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1.Thoracic intervertebral joint sprain
The intervertebral joint is the joint that joins the levels of the spine together. Injury to this joint is usually due to a forced movement forward or backward of the thoracic spine. Pain can be felt locally about 2 cm to the side of the spine and may radiate around the chest wall to the front of the chest. Pain is increased with forward or backward movement of the spine.
2.Thoracic muscle rupture
This injury is common in many sports such as throwing sports, football, basketball and boxing. It is also commonly done when lifting heavy objects. Symptoms include deep sharp pain on bending forward and backward as well as rotating. There will also be local tenderness around the area of injury in the back.
3.Costovertebral joint disorders
The costovertebral joint is a joint in the back that joins the rib and the spine. Common problems arise from spraining the joint during forced chest movement or from inflammation due to arthritis. Any irritation in this area will result in tenderness about 5 cm to the side of the spine, with painful, restricted movement of the spine. Pain may also with deep breaths, coughing or sneezing.
This injury is very common in contact sports such as football and rugby. It most commonly occurs as a result of a blow to the ribs. Common symptoms are very harp pain to touch as well as pain and sometimes clicking with a deep breath, coughing or sneezing. This injury commonly remains painful for an unusually long time due to constant movement of the chest wall with breathing.
5.Scheuermann’s disease (Osteochondrisis)
This is the most common cause of pain in the thoracic spine in adolescents, especially boys. It is a hereditary back disease in which the back becomes rounded due to the bodies of the vertebrae becoming wedged shaped. Symptoms include fatigue and tightness in the back after sitting for long periods and a feeling of weakness and pain, usually an ache following exercise or lifting weight.
6.Scoliosis (Curvature of the spine)
This is a curvature of the spine in a sideways direction which causes the spine to be S-shaped. Symptoms with scoliosis are not always present. Symptoms include complications due to muscle weakness and joint ‘looseness’ on the convex side and muscle tightness and spasm with joint tightness on the concave side. The symptoms will vary case to case but will tend to be aggravated by strenuous exercise or prolonged postures such as sitting or standing.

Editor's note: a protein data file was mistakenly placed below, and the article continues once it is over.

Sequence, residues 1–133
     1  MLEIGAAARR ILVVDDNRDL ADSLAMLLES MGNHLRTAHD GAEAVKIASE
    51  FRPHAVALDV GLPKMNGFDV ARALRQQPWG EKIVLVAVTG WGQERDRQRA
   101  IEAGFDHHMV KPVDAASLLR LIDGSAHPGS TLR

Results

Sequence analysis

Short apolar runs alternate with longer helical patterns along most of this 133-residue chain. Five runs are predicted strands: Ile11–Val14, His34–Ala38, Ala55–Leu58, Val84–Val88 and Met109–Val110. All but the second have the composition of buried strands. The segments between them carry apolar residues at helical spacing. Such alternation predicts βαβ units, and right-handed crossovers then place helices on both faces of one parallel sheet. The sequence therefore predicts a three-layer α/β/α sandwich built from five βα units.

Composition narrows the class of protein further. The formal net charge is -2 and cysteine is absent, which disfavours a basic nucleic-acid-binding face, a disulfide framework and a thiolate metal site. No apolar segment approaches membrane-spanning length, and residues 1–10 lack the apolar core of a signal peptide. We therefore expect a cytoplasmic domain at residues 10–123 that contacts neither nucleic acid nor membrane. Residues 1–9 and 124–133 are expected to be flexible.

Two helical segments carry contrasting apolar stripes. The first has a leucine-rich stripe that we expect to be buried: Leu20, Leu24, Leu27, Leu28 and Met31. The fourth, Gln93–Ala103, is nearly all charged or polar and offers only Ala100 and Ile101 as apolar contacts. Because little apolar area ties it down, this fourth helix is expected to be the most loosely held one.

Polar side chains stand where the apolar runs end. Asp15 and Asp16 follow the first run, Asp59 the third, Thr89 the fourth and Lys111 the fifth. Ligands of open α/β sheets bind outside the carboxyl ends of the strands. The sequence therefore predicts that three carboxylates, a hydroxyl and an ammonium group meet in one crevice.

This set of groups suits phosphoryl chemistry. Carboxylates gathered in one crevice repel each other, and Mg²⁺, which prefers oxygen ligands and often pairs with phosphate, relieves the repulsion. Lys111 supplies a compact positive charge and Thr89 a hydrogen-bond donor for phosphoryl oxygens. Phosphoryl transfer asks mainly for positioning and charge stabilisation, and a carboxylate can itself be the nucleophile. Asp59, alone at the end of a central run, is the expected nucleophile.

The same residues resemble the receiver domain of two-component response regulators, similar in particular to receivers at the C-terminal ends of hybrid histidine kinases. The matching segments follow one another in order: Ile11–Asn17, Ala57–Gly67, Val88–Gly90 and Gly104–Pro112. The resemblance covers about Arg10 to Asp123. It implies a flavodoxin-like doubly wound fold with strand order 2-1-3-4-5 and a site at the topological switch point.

Early Injury Management
For approximately the first 72 hours following an injury, the RICE regime should be followed to ensure control of inflammation and pain relief.
R – Rest
I – Ice
C - Compression
E - Elevation
Rest from aggravating activity.
Ice should be applied in the first 72 hours or when inflammation persists. Ice should be applied for 15 to 20 minutes at a time. Ice should not be applied directly to the skin, but through a wet towel or cloth.
Compression can be achieved with an elastic bandage.
Elevation is used to help swelling to return to the heart through the blood stream.
The injured area should be elevated above the level of the heart.
Strengthening programs should only be commenced when:
Exercises should be 3 sets of 8-12 repetitions.
There are two parts to the pectoral muscle, the sternal and clavicular heads. Therefore, two stretches need to be completed, one with the arm at 90 degees to the body and the other with the arm higher at 120 degrees to the body.
Thoracic Extension Stretch
Using a towel, extension of the thoracic spine can be achieved at specific spinal levels. Thoracic extension is helpful for those with spinal pain resulting from postural problems such as those encountered by people sitting at a desk for long periods
Serratus Anterior Stretch
This stretch helps to lengthen the muscles that pull your shoulders and shoulder baldes forward. These muscles can become tight in those with poor posture related thoracic, neck and shoulder pain.
Latissimus Dorsi Stretch